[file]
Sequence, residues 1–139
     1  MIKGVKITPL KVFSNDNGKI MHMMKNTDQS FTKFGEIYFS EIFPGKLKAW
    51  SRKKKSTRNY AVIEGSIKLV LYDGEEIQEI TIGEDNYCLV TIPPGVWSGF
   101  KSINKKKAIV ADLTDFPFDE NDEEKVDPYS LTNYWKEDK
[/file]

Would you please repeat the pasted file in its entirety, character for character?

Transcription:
Sequence, residues 1–139
     1  MIKGVKITPL KVFSNDNGKI MHMMKNTDQS FTKFGEIYFS EIFPGKLKAW
    51  SRKKKSTRNY AVIEGSIKLV LYDGEEIQEI TIGEDNYCLV TIPPGVWSGF
   101  KSINKKKAIV ADLTDFPFDE NDEEKVDPYS LTNYWKEDK